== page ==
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B2R buzz when used with SVPCL

Discussion in 'Amps and Cabs [BG]' started by mgess, Mar 24, 2009.


  1. mgess

    mgess

    Apr 8, 2008
    Virginia
    Hey,

    I am new to using separate preamps and poweramps. I have always used integrated heads. However, I recently purchased an used ampeg svpcl. I still need to save the funds to get my Crest CA9 so, in the meantime, I thought I could use my old Ampeg B2R with a poweramp in on the back panel.

    I tried connecting the two using a 1/4 cable. As soon as I plug into the poweramp in on the B2R, it hums like crazy. It does this while the svpcl is not plugged in at all. So, I don't believe it is the preamp.

    Is there something else that I could/should be doing? OR is the B2R the problem?

    Thanks
     
  2. Did you try a different cable. You did use a screened cable yes?

    Paul
     
  3. mgess

    mgess

    Apr 8, 2008
    Virginia
    I did. I tried different cables and used speaker cables which I believe are shielded.
     
  4. it is VERY unusual to find shielded speaker cables, I've never seen one. You should use an INSTRUMENT cable. That's where your hum is coming from.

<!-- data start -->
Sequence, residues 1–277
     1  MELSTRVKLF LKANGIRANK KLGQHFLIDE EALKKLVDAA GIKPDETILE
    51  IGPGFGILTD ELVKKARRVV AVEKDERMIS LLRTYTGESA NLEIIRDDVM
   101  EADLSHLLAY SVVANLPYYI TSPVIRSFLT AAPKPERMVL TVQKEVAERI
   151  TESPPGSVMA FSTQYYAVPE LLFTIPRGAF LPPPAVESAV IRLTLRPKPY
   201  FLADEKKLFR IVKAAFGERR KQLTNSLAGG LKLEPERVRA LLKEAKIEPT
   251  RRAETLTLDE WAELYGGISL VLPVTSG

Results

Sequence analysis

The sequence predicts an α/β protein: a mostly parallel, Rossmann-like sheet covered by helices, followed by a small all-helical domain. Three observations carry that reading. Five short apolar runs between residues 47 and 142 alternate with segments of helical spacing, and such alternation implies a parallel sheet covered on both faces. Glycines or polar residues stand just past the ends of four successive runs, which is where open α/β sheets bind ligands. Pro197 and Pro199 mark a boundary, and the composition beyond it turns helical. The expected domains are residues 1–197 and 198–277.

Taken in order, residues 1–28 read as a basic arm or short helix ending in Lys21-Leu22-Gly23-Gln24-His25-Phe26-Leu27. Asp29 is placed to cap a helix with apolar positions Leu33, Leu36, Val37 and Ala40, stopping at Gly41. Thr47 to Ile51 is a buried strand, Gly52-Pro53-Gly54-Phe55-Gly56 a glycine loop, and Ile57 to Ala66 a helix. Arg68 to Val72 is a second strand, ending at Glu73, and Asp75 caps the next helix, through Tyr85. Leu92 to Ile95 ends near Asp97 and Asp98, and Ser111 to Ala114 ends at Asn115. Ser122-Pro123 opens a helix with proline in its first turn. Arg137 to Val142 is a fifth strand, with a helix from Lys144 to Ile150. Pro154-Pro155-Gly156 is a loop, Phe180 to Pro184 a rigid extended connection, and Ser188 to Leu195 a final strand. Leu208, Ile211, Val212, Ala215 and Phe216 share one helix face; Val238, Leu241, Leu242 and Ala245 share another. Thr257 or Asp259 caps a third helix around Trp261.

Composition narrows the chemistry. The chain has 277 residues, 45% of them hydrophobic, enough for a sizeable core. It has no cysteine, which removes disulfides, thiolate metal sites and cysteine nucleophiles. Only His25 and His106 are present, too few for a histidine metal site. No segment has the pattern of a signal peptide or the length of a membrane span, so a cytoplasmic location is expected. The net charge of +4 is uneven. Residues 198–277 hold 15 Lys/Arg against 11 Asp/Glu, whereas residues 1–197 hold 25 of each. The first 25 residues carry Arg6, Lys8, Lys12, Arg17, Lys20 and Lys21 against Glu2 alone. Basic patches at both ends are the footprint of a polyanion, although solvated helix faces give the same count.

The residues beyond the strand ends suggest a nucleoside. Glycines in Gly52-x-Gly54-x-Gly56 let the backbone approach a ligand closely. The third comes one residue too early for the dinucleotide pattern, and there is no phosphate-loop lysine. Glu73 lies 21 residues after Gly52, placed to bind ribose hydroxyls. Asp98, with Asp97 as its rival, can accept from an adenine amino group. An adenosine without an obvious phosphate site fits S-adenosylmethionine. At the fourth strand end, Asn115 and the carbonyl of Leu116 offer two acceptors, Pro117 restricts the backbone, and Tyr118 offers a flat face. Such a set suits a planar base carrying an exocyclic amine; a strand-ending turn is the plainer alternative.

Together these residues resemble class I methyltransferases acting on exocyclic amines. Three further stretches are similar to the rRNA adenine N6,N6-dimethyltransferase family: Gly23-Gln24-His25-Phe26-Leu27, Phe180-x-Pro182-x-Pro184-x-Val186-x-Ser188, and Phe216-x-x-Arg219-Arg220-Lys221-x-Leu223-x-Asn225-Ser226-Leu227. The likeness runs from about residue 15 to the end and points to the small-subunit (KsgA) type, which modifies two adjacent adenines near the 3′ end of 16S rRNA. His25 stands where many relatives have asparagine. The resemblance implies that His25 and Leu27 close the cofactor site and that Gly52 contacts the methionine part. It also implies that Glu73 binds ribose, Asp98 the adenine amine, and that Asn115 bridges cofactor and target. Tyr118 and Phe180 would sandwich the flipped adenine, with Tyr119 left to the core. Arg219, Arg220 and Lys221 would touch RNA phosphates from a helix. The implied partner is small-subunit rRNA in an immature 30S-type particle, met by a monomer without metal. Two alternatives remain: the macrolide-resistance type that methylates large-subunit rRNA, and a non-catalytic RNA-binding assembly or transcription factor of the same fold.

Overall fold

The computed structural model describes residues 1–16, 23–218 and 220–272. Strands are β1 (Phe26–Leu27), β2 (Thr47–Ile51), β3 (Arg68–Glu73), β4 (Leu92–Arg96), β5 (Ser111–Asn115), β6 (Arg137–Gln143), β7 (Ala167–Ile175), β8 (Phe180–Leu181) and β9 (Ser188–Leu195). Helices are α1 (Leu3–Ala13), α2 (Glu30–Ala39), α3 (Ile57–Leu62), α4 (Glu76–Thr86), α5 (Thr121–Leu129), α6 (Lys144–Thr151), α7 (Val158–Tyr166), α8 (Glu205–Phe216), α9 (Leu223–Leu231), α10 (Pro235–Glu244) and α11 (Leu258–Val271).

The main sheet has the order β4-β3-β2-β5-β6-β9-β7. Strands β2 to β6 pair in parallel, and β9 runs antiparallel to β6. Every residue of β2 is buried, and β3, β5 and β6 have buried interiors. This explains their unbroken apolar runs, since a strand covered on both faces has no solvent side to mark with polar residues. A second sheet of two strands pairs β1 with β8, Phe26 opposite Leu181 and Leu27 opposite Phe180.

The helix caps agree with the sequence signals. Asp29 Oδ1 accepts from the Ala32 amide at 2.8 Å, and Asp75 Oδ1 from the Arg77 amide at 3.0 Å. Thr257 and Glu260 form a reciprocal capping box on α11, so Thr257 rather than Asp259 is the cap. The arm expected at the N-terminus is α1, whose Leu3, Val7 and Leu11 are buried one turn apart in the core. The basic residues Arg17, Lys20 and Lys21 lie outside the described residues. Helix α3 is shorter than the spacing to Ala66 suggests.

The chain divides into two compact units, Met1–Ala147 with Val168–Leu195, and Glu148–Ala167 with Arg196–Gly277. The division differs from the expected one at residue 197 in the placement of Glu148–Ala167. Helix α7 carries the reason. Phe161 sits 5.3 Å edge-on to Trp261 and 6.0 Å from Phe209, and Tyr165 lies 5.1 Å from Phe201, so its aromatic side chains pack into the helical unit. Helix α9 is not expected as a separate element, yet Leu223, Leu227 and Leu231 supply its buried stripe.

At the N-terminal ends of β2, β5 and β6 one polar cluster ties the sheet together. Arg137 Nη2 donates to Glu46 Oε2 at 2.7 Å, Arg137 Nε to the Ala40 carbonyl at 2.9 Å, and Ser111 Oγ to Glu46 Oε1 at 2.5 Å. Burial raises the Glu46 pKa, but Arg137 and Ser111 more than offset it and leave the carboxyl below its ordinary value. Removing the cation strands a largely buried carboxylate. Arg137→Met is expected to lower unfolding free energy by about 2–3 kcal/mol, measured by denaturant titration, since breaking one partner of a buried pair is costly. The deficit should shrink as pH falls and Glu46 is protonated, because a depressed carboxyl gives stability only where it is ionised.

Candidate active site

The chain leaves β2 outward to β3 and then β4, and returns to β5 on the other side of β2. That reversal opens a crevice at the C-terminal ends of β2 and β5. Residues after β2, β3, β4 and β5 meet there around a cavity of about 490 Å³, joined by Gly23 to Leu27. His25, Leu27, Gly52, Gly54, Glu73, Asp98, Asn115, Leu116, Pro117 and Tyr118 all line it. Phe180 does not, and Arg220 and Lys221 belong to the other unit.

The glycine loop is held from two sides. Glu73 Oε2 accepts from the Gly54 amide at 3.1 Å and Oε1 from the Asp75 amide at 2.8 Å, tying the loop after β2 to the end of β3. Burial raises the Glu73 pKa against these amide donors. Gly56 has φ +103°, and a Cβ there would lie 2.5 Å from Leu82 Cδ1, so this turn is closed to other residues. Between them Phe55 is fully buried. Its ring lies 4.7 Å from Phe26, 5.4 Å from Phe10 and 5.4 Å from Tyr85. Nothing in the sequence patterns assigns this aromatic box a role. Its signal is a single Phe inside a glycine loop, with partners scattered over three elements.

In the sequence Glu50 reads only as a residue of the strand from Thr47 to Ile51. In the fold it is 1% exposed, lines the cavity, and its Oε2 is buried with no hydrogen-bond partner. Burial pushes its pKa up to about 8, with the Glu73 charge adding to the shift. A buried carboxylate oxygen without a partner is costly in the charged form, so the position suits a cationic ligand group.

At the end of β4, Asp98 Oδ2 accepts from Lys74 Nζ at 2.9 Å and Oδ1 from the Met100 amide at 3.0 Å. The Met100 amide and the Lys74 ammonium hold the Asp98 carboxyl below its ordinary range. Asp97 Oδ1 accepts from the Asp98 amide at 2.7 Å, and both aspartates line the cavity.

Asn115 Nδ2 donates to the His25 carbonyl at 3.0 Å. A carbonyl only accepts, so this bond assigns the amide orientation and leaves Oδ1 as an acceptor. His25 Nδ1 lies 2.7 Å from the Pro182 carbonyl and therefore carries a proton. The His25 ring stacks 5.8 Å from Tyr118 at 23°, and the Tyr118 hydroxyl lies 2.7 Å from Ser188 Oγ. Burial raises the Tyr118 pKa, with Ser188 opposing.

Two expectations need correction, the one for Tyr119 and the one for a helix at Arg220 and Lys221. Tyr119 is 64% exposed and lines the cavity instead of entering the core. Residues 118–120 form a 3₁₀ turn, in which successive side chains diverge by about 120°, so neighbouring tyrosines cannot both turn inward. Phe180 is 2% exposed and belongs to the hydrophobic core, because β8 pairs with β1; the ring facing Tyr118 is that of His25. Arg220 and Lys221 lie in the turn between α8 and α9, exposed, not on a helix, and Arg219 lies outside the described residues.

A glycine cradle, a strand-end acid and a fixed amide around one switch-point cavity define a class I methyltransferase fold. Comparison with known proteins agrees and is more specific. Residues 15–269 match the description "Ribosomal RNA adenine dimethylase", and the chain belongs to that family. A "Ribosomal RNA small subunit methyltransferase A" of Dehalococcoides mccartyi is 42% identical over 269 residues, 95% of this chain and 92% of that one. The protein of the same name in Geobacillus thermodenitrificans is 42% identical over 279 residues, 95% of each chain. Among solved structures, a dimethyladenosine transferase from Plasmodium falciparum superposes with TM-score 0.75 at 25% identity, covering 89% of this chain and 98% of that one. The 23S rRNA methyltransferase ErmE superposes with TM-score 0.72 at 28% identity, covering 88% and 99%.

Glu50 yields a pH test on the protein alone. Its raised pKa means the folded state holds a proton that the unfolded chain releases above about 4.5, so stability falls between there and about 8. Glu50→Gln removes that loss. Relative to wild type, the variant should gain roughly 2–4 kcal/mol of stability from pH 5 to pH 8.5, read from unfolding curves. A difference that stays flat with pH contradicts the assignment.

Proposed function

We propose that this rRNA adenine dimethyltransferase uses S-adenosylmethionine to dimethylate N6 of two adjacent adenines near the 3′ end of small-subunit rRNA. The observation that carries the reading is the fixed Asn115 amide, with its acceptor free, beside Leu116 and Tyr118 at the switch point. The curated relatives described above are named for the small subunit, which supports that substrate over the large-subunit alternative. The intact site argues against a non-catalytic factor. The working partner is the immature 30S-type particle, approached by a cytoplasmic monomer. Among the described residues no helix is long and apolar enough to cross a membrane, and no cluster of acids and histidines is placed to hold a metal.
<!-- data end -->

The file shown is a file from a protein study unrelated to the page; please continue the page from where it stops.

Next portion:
Paul
     
  5. toobalicious

    toobalicious

    May 6, 2008
    triad, nc
    ground loop.

    try lifting the ground on the preamp. you can use a two-prong cheater sort of deal if you dont have a fancier way.
     
  6. Very unsafe way to do things. However it's happening when the pre-amp is not plugged in!

    Paul
     
  7. JustRob

    JustRob

    Dec 15, 2008
    Central USA
    Possibly a bad ground on the B2R Power amp in jack?
    Plug your cable in to the jack, at the other end of the cable short the tip to the sleeve with a piece of wire, the hum should stop. If it does not, the B2R is at fault. If it does stop, there's something else going on. (duh)
     
  8. <Sigh> The hum is coming from the fact that he is using an UNSHIELDED cable. That is picking up on all the hum and induced AC noise in the area.

    Speaker cables are aptly named. They connect an amplifier to its SPEAKER system and are used nowhere else. That's why they are called SPEAKER cables!

    Paul
     
  9. toobalicious

    toobalicious

    May 6, 2008
    triad, nc
    yeah maybe not a long term solution, but if grounding *were* the issue, that would trace it down. missed the part about it not being plugged in, lol.
     
  10. I thought y' might have! :)

    Paul
     
  11. mgess

    mgess

    Apr 8, 2008
    Virginia
    I tried using an instrument cable and the buzz was still there. I did use a "cheater" to go from 3 to 2 and it cleared up the buzz.

    Is this safe to do? If not, would a power conditioner solve the problem?
     
  12. No it won't help. You need to plug both units into the same duplex socket. If the pre-amp has a ground lift switch use it. If not see if the amp has and try that.

    Paul
     
  13. JustRob

    JustRob

    Dec 15, 2008
    Central USA
    Something doesn't add up there.:confused:


    Safe? Not really. Done frequently? Yes.
    Power conditioner help? No